Consists of photographs of urban, suburban, rural and waterfront areas of Los Angeles County. Many photographs show neighborhood streets and houses, including ethnic enclaves and communities of Mexican Americans, Japanese Americans, Chinese Americans, African Americans, Russian Americans, Irish Americans, Jewish Americans, and Slavonian Americans. Includes images of businesses, buildings, oil rigs in populated areas, hydraulic structures, railyards, industrial and construction sites, and agricultural land. A small portion contain people. Includes six photographs of damaged buildings in Compton and Long Beach from the Long Beach earthquake of 1933, three photographs of maps of Los Angeles, and a section of map showing the southwest of downtown portion of the city.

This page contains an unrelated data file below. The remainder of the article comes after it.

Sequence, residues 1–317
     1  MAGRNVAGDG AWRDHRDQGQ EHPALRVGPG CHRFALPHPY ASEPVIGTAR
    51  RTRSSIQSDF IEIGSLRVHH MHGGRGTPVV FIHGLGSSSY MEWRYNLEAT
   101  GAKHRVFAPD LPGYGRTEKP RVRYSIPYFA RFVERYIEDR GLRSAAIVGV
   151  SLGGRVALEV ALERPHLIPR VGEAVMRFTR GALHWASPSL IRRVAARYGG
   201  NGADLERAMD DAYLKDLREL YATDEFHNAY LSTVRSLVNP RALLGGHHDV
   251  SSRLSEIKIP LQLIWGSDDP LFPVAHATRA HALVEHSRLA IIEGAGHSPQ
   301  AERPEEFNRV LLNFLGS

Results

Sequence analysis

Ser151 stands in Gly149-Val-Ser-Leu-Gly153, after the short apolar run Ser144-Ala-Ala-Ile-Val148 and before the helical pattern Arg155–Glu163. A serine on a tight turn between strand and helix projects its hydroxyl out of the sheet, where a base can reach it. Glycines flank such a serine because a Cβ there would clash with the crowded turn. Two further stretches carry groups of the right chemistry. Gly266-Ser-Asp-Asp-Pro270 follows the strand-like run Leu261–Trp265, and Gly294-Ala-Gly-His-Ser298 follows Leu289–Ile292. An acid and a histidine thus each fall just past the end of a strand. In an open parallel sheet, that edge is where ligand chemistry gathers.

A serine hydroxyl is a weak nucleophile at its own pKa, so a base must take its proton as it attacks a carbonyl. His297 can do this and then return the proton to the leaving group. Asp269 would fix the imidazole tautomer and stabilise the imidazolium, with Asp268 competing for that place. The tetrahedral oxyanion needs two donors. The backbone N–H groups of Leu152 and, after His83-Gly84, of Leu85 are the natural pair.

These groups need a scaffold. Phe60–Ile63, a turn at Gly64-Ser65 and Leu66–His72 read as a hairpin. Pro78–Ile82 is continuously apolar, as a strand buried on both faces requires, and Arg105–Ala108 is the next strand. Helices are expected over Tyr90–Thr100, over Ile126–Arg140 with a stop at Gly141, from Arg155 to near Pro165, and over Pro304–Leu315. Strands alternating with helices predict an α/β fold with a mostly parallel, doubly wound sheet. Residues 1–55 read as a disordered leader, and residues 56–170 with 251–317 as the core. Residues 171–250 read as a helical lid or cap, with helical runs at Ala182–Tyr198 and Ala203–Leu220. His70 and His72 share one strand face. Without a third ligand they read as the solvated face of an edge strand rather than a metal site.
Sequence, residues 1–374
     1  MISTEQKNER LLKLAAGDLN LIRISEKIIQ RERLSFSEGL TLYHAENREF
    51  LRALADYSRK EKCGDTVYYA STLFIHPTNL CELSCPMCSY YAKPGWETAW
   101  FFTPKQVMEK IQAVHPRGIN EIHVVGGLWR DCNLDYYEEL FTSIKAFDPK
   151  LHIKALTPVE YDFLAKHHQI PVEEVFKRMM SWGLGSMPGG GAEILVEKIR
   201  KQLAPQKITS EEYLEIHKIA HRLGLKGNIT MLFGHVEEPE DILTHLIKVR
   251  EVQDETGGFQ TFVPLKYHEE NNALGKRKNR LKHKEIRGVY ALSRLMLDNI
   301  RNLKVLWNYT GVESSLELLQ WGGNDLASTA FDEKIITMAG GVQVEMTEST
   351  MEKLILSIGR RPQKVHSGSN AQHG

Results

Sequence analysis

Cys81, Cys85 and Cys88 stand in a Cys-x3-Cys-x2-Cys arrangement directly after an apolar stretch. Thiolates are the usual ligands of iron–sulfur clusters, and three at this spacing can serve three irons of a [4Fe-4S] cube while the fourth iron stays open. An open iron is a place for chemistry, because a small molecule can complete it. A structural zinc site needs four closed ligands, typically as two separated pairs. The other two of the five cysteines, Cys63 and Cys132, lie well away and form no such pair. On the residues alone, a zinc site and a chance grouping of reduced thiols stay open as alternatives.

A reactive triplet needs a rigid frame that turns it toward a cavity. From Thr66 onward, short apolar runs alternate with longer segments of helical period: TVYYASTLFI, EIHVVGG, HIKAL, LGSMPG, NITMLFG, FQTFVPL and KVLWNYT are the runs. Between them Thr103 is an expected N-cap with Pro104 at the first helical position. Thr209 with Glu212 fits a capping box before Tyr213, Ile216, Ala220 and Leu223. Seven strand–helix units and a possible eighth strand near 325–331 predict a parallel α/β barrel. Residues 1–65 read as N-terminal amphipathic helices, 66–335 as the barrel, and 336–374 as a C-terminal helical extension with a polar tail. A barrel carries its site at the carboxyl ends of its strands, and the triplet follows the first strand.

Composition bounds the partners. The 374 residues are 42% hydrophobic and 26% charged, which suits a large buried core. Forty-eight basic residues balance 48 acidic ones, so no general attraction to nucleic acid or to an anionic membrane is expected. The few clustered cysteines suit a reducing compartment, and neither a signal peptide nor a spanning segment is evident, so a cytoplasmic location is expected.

Anton Wagner (also known as G. A. Wagner) was a PhD candidate at the University of Kiel when he made these photographs to document his dissertation, Los Angeles: Werden, Leben und Gestalt der Zweimillionstadt in Südkalifornien..., published in 1935. His thesis suggests that the topography of Los Angeles produces the character of the city's inhabitants. After World War II, Wagner settled in Montreal and worked as a commercial journalist and trade marketing consultant.
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